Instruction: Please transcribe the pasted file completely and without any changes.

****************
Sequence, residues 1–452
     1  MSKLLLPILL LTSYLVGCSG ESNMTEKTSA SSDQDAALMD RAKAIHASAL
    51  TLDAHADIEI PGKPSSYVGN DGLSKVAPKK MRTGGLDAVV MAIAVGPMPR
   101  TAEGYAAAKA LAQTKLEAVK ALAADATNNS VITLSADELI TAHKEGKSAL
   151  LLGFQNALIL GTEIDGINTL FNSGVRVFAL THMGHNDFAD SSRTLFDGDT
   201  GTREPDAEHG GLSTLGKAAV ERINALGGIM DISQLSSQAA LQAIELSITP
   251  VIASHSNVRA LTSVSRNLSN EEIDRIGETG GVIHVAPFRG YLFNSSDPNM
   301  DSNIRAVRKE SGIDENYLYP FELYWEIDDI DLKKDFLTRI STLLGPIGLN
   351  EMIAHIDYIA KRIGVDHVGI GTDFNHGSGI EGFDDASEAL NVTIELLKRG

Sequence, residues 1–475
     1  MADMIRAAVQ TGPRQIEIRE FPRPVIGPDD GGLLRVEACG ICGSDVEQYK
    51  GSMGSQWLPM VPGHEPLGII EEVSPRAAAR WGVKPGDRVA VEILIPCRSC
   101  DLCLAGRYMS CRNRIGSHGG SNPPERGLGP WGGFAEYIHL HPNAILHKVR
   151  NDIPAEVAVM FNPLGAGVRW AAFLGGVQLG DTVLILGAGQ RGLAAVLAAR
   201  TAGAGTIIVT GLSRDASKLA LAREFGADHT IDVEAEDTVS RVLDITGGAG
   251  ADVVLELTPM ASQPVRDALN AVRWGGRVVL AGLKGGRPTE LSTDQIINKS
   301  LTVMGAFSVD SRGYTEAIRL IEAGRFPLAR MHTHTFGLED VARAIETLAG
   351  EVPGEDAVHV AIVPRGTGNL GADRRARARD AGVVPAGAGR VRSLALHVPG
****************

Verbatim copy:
Sequence, residues 1–452
     1  MSKLLLPILL LTSYLVGCSG ESNMTEKTSA SSDQDAALMD RAKAIHASAL
    51  TLDAHADIEI PGKPSSYVGN DGLSKVAPKK MRTGGLDAVV MAIAVGPMPR
   101  TAEGYAAAKA LAQTKLEAVK ALAADATNNS VITLSADELI TAHKEGKSAL
   151  LLGFQNALIL GTEIDGINTL FNSGVRVFAL THMGHNDFAD SSRTLFDGDT
   201  GTREPDAEHG GLSTLGKAAV ERINALGGIM DISQLSSQAA LQAIELSITP
   251  VIASHSNVRA LTSVSRNLSN EEIDRIGETG GVIHVAPFRG YLFNSSDPNM
   301  DSNIRAVRKE SGIDENYLYP FELYWEIDDI DLKKDFLTRI STLLGPIGLN
   351  EMIAHIDYIA KRIGVDHVGI GTDFNHGSGI EGFDDASEAL NVTIELLKRG

Sequence, residues 1–475
     1  MADMIRAAVQ TGPRQIEIRE FPRPVIGPDD GGLLRVEACG ICGSDVEQYK
    51  GSMGSQWLPM VPGHEPLGII EEVSPRAAAR WGVKPGDRVA VEILIPCRSC
   101  DLCLAGRYMS CRNRIGSHGG SNPPERGLGP WGGFAEYIHL HPNAILHKVR
   151  NDIPAEVAVM FNPLGAGVRW AAFLGGVQLG DTVLILGAGQ RGLAAVLAAR
   201  TAGAGTIIVT GLSRDASKLA LAREFGADHT IDVEAEDTVS RVLDITGGAG
   251  ADVVLELTPM ASQPVRDALN AVRWGGRVVL AGLKGGRPTE LSTDQIINKS
   301  LTVMGAFSVD SRGYTEAIRL IEAGRFPLAR MHTHTFGLED VARAIETLAG
   351  EVPGEDAVHV AIVPRGTGNL GADRRARARD AGVVPAGAGR VRSLALHVPG